Aerobic Exercises

Type of Aerobic Activities

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Type or Mode of Aerobic Exercises

 

Aerobic Exercise Groupings
                                     Aerobic Exercise Groupings

Aerobic activities are grouped into four categories along with recommendations on who would most appropriately engage in the given activity (see Aerobic Exercise Groupings) . Exercises in group A are recommended for everyone because they are relatively simple activities that can be started at a low level of effort. Group B activities are more vigorous and thus are most appropriate if you already have a good fitness base (i.e., you have been exercising regularly and have determined your fitness level to be at least in the fair to average range).

 

Group C activities are those that have a definite skill component and thus may require some learning before being used as a fitness tool. Group D activities are recreational and, because intensity varies depending on the situation, are best reserved for people who are regularly active and have a good fitness base. Do not consider these groupings progressive (e.g., that group C activities are better than group B activities), but rather as a way to classify various aerobic exercises.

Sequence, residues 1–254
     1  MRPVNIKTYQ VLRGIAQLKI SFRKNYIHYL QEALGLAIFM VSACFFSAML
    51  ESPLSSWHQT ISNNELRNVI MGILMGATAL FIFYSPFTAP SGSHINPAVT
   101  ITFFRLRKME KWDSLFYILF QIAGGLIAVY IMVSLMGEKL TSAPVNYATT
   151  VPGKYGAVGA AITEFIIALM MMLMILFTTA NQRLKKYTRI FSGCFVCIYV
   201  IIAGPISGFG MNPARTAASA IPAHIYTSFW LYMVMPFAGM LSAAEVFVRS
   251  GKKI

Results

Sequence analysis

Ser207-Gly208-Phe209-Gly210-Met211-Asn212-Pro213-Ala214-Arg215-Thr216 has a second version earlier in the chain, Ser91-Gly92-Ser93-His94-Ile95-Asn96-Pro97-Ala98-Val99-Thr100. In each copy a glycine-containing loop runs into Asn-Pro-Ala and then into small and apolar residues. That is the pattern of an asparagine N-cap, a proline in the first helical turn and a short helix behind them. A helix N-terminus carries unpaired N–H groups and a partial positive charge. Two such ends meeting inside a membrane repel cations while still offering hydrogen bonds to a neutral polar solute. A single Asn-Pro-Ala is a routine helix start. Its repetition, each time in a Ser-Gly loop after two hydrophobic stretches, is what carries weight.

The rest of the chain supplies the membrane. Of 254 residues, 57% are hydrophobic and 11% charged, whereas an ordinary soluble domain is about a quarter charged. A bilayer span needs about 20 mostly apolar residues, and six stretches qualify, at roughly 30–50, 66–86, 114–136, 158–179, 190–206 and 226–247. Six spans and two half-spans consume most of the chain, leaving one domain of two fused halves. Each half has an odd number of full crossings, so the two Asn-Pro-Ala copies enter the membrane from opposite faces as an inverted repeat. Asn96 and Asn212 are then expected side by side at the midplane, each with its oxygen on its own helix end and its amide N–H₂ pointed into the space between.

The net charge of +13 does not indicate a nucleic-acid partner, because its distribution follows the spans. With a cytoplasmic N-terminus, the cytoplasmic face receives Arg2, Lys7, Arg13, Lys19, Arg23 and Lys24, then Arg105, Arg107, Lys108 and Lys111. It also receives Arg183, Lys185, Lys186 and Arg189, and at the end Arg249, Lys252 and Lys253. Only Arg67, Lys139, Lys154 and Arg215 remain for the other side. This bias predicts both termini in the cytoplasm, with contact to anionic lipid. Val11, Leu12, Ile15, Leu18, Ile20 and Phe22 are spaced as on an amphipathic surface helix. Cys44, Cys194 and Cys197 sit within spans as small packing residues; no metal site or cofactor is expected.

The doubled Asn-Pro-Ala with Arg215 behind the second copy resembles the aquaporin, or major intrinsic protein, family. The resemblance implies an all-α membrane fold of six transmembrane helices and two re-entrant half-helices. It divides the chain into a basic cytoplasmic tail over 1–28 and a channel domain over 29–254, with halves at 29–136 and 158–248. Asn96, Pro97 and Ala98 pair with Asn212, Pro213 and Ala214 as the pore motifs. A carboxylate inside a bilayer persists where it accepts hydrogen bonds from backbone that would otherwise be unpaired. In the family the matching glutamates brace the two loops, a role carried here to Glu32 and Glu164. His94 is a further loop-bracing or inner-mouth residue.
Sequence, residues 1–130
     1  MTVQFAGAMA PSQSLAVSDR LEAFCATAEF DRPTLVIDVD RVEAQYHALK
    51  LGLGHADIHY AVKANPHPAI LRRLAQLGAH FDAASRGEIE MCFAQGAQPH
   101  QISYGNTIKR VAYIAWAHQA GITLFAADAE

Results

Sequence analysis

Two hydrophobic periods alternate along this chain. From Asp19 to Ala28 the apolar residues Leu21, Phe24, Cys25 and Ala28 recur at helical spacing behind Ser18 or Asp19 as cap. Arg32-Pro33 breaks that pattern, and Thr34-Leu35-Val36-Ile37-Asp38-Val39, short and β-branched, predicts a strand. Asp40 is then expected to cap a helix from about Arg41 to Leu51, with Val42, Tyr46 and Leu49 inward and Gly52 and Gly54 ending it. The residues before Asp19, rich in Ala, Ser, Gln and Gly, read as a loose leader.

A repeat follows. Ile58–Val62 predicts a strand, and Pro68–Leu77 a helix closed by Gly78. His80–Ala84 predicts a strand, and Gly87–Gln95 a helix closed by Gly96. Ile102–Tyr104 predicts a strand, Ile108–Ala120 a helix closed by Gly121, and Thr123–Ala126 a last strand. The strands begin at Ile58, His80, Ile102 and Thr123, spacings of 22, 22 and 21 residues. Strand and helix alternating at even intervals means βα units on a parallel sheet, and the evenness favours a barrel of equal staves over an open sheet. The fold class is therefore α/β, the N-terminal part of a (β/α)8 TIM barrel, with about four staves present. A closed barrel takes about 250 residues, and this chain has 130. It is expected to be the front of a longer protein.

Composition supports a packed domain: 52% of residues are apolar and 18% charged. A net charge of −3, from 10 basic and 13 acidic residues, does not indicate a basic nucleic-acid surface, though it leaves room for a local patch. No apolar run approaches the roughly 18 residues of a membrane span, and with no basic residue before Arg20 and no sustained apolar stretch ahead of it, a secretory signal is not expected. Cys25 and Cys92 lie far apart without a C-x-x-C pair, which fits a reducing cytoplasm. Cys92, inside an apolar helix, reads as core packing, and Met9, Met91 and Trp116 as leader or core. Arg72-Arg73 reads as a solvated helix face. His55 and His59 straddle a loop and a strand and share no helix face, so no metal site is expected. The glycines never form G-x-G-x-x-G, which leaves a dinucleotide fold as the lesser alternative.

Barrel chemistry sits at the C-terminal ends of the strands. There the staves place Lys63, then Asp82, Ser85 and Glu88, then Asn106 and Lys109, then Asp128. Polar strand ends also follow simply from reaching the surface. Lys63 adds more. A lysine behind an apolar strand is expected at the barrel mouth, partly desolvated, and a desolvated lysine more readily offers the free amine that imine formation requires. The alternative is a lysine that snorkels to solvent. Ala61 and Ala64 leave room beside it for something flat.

Volume

The concept of volume reflects a summary or overall amount of activity. One way to provide a summary of your aerobic exercise is to determine the calories you use when engaging in your aerobic activities each week. When considering the activity recommendations in the Physical Activity Guidelines for Americans, a reasonable target is at least 1,000 calories per week (2). Calculating calories burned can be helpful when you are interested in losing weight, but it is also a great way to pull together the four parts of your aerobic exercise prescription—frequency, intensity, time, and type of activity—into one number. Whether you do the same activity each day or change it up, you still can take a look at your weekly total to ensure that you are on track with just a few calculations.

To keep things simple, researchers have created a unit of measure called a metabolic equivalent, or MET. A MET is equal to the oxygen cost at rest (i.e., 1 MET = resting level = 3.5 milliliters of oxygen per kilogram body weight per minute). Multiples of a MET are then applied to various activities. For example, walking at 3.5 miles per hour (5.6 km/h) is equal to 4 METs. In other words, you are working four times harder when walking at 3.5 miles per hour than you are when seated in a resting position. Metabolic equivalent values have been determined for a wide variety of activities (see table 5.7 for some examples of basic activities) .